WASHINGTON/NEW YORK (Reuters) - If the United States were any other country, its coveted top-tier credit rating might have been stripped away by now.
The government’s $787 billion economic stimulus package and $700 billion bank bailout fund have strained public resources, the recession is taking a chunk out of tax income, and the first big wave of Baby Boomers will soon become eligible to start collecting retirement benefits.
Yet the threat of a U.S. debt default -- something that could plunge global markets back into chaos -- remains virtually nil.
The United States issues bonds in its own currency and can always print more dollars -- albeit at the cost of higher inflation -- should it ever run into trouble making payments.
That means unlike Japan, which lost its last remaining AAA rating when Moody’s downgraded it on Monday, a U.S. downgrade is an extremely remote possibility, even if it does not mean the world’s biggest economy is on a sustainable fiscal path.
“The chance of a U.S. Treasury default is zero, so from that standpoint, talk of the U.S. losing its AAA is being overplayed,” said Peter Hooper, chief economist at Deutsche Bank in New York.
“Yes, there are risks, certainly interest rate and inflation risks, around what is happening, but default risk is very, very low,” he added.
A credit rating is a measure of how likely it is that a debt issuer will default, and a downgrade of a country’s debt tends to drive up a government’s borrowing costs.
The ratings agencies have lost a great deal of credibility with investors for failing to sound the alarm about unsafe mortgage-backed securities that touched off the credit crisis. Their reputation on sovereign ratings, however, remains largely secure.
Still, some investors have begun paying closer attention to credit default swaps, or CDSs, as another means of measuring the risk of default. CDSs on U.S. government debt spiked after the collapse of Lehman Brothers and remain abnormally high, but are now about one-third of a recent peak reached in early March.
Unlike Japan, where foreigners held less than 8 percent of government bonds as of September 2008, the United States relies heavily on foreign buyers to keep its borrowing costs low. A sovereign downgrade would no doubt spook some of those buyers.
Total U.S. government debt outstanding was at $11.27 trillion as of Thursday. (The Treasury Department tracks it down to the penny -- $11,270,547,397,564.64.) China and Japan alone held more than $1.4 trillion of U.S. Treasury bonds as of March, according to Treasury data.
The total debt is equal to about 80 percent of total U.S. output. By comparison, Japan’s public debt as a percentage of gross domestic product was 170 percent as of 2008, according to the CIA’s World Factbook, second only to Zimbabwe.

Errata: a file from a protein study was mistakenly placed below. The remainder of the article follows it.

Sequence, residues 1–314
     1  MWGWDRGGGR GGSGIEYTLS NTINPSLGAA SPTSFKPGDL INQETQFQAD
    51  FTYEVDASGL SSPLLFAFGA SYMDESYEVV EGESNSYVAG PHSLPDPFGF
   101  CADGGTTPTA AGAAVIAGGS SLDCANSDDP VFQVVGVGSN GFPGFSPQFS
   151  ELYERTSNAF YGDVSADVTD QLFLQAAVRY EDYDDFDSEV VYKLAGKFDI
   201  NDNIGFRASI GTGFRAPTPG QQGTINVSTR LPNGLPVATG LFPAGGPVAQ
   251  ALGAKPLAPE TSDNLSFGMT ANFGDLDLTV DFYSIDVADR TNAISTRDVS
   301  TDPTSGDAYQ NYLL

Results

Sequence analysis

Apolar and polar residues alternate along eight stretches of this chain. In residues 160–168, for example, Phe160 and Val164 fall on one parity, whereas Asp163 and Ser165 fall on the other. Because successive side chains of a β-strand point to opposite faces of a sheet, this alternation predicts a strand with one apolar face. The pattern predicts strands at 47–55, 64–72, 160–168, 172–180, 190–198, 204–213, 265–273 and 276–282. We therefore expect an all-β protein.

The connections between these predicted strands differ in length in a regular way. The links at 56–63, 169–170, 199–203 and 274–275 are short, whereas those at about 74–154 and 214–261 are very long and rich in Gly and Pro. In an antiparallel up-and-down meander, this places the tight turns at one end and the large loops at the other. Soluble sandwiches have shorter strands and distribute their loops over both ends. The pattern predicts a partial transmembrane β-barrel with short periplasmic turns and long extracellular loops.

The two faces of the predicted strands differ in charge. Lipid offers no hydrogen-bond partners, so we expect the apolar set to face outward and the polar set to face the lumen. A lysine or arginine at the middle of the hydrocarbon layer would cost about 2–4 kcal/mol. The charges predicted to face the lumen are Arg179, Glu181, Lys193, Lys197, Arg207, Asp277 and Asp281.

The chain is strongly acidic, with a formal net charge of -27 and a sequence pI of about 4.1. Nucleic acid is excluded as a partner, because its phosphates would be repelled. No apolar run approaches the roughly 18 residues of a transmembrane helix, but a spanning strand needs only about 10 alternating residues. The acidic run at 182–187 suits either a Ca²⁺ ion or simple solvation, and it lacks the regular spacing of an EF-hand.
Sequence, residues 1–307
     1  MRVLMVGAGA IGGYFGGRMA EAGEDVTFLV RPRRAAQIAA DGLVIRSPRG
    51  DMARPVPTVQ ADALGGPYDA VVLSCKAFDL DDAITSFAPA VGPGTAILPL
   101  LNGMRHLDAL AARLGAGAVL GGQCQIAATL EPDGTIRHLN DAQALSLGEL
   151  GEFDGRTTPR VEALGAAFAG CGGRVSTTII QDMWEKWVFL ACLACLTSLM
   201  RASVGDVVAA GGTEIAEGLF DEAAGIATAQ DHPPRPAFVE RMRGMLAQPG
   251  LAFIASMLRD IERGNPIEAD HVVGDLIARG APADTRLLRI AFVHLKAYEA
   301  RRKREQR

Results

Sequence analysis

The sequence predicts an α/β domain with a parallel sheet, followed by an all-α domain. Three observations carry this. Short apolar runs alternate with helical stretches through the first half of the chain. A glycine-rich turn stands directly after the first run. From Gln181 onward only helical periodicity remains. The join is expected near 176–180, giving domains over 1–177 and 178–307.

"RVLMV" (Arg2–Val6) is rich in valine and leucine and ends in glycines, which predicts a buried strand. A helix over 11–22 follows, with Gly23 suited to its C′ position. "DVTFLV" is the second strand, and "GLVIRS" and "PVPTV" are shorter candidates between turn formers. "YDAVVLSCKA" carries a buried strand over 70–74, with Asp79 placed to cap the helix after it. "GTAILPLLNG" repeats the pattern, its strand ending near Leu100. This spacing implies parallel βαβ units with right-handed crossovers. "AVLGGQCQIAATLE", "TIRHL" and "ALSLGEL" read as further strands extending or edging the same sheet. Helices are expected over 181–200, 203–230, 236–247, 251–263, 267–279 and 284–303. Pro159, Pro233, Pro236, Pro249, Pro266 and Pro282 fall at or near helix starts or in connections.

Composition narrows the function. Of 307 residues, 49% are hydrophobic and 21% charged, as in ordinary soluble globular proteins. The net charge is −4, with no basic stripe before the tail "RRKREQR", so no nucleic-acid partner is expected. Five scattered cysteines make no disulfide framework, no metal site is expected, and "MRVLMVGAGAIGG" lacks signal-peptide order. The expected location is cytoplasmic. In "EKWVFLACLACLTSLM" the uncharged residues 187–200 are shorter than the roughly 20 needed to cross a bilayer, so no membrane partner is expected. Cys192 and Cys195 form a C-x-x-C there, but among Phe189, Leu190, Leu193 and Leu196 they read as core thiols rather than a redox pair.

SHORT TERM, LONG TERM
But the U.S. picture for 2010 looks gloomier, and has led some economists to question whether the country’s fiscal position still warrants a top-tier rating. The International Monetary Fund expects the debt-to-GDP ratio to hit 97.5 percent next year.
“The triple-A rating is undeserved,” said Peter Morici, a professor of international business at the University of Maryland. “Because the U.S. can print its own money, it won’t formally lose its AAA, but in reality, the bonds are as risky as bonds that are below AAA.”
“If Washington were a state capitol, we would have lost the AAA with the current budget,” he added.
Ratings agency Standard & Poor’s reaffirmed its AAA sovereign rating for the United States in January, but cautioned that the hundreds of billions of dollars committed to bailing out the banking sector would lead to a “noticeable deterioration in the U.S. fiscal profile.”
President Barack Obama has said repeatedly that the United States needed to increase spending now to cushion the blow of a deep recession, but must address longer-term fiscal problems once the economy regains its footing.
That will entail some politically unpopular choices, and it is not clear whether Obama or Congress will be prepared to make them. At the top of the list is entitlement spending, namely Social Security benefits and the Medicare health program for the elderly.
A government report released on May 12 found that the Social Security trust fund would be exhausted by 2037, four years earlier than previously estimated, and the Medicare hospital trust fund would become insolvent by 2017, two years earlier than thought.
Threats to cut those benefits invariably provoke howls from the 72 million-strong Baby Boomer generation born between 1946 and 1964. Lawmakers probably won’t want to anger such a large group with midterm congressional elections looming in 2010.
But economists see little choice but to address the problem if the United States is going to shore up its finances and ensure that its credit rating stays AAA -- and its creditors remain confident in the country’s fiscal future.
David Walker, chief executive of the Peter G. Peterson Foundation and a former U.S. comptroller general, raised those concern in a Financial Times opinion piece last week.
“For too long, the U.S. has delayed making the tough but necessary choices needed to reverse its deteriorating financial condition,” he wrote. “One could even argue that our government does not deserve a AAA credit rating based on our current financial condition, structural fiscal imbalances and political stalemate.”
Editing by Leslie Adler
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